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Dáil Éireann debate -
Wednesday, 30 Apr 1969

Vol. 240 No. 2

Ceisteanna—Questions. Oral Answers. - Dublin City Commissioner.


asked the Minister for Local Government whether the Commissioner appointed by him to carry out the duties formerly carried out by the elected members of Dublin City Council will have an office and staff allocated to him to assist him in the discharge of his functions; and, if so, where the office will be situated; what staff will be allocated to him; and at what annual cost.

The Commissioner will be assisted in the normal way by the city manager and his officials; there is no question of the allocation of additional staff for his assistance. Such accommodation as he requires will be provided, at no additional cost, in the City Hall.


asked the Minister for Local Government what remuneration will be paid to the Commissioner appointed by him to discharge the duties which were formerly carried out by the elected members of Dublin City Council without any remuneration whatsoever.

I have fixed the remuneration of the Commissioner at £1,500 per annum. I might add that the allowance and expenses of the Lord Mayor, up to £4,500 per annum, has ceased, following the removal from office of the council, to be a charge on the rates.

Will the Minister say whether there will be any representative of the citizens appointed suitably to welcome to the capital city any visitors from abroad in the manner in which the Lord Mayor did and on which he expended his salary, to which the Minister referred?

The Deputy and his colleagues arranged that that would be so.

I understand from the Minister's reply that this city will not have any public person to welcome, in the name of the people of the city, visitors from abroad.

The Deputy's question relates to remuneration.

By way of reply, the Minister wanted unfairly to infer that he has caused a saving when what he has done is to deprive the city of something which every other city in the world has——

The only contribution the Deputy and his colleagues made by way of saving to the ratepayers was in the abolition of the Lord Mayor's office.

The Minister can be assured that the Lord Mayor will bring the chain back from America, not like the Russian jewels.

Which Lord Mayor?

Apart from the £2,500 saved by the abolition of the council and the dethroning of the Lord Mayor, could the Minister tell us what additional saving there will be to the ratepayers?

There is a loss of £870,000.

In reply to Deputy Foley, it is hard to say, of course, there will be other savings as well.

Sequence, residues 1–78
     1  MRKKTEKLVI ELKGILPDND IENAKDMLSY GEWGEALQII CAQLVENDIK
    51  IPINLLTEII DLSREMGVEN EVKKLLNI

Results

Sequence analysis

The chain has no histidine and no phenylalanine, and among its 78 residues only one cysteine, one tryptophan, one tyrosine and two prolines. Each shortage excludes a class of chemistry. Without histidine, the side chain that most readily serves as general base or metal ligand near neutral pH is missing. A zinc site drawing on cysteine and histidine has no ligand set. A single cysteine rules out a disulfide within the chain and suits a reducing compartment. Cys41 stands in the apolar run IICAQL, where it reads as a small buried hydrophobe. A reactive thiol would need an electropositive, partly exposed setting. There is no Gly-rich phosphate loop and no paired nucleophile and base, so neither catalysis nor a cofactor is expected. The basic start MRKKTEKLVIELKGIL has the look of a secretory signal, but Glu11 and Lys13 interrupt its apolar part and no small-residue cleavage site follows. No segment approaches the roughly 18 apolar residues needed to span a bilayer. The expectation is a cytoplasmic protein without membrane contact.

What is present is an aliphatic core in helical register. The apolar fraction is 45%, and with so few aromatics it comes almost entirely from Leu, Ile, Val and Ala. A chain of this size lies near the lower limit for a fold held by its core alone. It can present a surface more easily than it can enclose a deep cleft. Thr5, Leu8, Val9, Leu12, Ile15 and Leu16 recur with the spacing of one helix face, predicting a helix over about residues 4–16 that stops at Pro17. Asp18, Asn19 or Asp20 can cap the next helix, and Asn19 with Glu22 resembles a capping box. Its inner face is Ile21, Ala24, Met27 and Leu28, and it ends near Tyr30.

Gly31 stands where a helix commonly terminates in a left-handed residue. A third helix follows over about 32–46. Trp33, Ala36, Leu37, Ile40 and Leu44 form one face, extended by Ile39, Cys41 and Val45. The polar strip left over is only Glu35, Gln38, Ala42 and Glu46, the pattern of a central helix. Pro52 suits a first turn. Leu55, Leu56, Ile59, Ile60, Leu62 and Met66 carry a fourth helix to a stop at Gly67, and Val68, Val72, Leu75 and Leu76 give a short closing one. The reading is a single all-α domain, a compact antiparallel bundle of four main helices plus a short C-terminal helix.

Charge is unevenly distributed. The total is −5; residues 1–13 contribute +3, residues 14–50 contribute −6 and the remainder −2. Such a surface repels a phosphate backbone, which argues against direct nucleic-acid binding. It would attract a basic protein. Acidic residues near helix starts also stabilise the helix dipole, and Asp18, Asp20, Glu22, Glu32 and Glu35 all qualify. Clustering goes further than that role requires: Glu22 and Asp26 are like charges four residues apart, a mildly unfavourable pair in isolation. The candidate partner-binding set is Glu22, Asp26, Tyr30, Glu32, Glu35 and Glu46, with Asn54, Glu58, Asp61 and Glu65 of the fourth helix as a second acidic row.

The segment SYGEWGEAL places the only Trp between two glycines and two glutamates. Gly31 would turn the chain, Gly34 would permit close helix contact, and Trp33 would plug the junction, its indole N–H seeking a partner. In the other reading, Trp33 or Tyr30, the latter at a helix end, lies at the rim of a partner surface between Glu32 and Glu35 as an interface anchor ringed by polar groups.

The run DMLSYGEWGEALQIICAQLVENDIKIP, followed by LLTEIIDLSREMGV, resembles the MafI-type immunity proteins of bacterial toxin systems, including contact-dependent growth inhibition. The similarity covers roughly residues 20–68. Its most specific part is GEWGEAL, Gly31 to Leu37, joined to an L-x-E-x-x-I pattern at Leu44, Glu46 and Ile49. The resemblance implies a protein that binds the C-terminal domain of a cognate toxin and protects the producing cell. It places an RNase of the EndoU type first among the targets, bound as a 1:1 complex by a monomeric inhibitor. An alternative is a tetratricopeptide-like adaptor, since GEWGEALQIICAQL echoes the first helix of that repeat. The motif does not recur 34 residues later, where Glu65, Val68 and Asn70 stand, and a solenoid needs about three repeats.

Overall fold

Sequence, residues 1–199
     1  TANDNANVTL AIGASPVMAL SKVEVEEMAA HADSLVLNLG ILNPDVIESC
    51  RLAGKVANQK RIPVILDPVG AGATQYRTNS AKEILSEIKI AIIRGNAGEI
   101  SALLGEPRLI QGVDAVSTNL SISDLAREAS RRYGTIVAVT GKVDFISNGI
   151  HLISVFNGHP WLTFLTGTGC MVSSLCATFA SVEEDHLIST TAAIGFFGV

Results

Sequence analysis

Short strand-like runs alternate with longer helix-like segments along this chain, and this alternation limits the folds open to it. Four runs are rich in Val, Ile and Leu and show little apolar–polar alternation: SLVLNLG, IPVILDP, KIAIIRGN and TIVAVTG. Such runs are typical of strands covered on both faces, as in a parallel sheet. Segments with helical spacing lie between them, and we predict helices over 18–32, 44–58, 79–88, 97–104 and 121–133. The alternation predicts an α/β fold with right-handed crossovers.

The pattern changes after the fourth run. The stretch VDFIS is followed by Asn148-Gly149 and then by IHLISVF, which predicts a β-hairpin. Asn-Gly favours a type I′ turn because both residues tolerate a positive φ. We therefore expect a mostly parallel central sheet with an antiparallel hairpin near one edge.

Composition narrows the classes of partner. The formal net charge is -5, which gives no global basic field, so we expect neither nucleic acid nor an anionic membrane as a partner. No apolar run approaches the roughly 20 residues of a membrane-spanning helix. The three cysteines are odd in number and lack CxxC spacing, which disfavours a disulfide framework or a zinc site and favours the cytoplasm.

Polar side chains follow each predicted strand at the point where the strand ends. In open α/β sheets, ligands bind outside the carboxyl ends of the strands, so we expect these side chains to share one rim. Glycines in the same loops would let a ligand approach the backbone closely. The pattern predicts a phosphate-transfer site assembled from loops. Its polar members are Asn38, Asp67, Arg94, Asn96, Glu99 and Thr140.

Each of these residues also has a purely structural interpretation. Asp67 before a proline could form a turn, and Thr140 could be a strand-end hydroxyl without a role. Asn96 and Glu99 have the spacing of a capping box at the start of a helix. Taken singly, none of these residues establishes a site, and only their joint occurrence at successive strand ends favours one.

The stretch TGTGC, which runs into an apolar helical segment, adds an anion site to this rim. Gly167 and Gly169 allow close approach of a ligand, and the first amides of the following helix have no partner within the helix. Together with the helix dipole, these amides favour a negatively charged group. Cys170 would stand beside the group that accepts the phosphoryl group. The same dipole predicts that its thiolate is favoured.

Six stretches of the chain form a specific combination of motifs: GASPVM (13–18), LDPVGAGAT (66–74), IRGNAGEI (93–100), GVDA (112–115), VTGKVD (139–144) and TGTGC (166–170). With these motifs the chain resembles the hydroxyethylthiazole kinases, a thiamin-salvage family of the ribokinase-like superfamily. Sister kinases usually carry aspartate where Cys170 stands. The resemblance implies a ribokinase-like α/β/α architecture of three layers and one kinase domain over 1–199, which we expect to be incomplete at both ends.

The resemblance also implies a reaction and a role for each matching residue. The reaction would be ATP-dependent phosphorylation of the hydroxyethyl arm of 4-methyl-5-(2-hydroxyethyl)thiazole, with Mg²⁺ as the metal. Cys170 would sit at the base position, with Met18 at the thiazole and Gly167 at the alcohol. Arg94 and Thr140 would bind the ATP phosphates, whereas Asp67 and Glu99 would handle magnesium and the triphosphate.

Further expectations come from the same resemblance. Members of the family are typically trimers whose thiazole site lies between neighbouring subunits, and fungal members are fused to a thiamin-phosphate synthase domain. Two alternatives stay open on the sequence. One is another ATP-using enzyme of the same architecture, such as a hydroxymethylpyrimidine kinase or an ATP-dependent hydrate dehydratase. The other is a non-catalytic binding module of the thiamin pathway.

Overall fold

Does the Minister not consider that the alleged saving to which he has referred is a mere pittance compared with the saving which Fine Gael and other councillors would have given—£870,156 in this year alone?

That does not arise.

The proposal of Fine Gael and Labour was to deprive the citizens of essential services and to effect a considerable amount of disemployment of corporation staffs.

That is complete nonsense.

The Fine Gael-Labour coalition proposed in the first instance to deprive the citizens of essential services and, secondly, to disemploy a large number of corporation workers.


asked the Minister for Local Government if he is aware of the public concern at the appointment by him of a retired public servant to the post of Commissioner to perform the duties formerly carried out by the elected members of Dublin City Council; and why a retired official was chosen to discharge the duties of Commissioner.

I am not so aware and I regard the person appointed as being eminently suitable for the post.

How can the Minister justify appointing to discharge a responsible position formerly carried out by 45 active members——

You were not very active.

——a person who, by reason of age, was unfit any longer to act as secretary to the Department of Local Government? How can the Minister justify appointing a retired officer who is regarded as beyond his best in the public service to carry out work that was formerly done by 45 elected representatives?


The Commissioner has not reached retiring age yet, and even if he had, that would not indicate that he was no longer fit to do the work. As I said, I could not think of any more suitable person to do this work and I am quite sure he will do it more efficiently than it was done by the Coalition-dominated Dublin Corporation which wasted time discussing matters which were not their concern.

(Cavan): Did I understand the Minister to say that the Commissioner has not yet reached retiring age?

(Cavan): If so, would the Minister please tell the House on what grounds the Commissioner retired from the position of Secretary of the Department of Local Government?

That is a separate question.

Deputy Fitzpatrick might not know that a civil servant can opt to retire five years before the retiring age.

(Cavan): On certain grounds.

He can opt to retire. Mr. Garvin opted to retire.

In view of the Minister's reply I should like to raise this matter on the Adjournment.

Why did the Deputy not go to the City Hall at 3 o'clock?


Why is the Deputy not at the City Hall to stop the imposition of——

Would the Deputy allow Questions to continue? I have called Question No. 33.

Arising out of the reply, if the Corporation of Dublin cannot transact its business in the City Hall——

Question No. 33.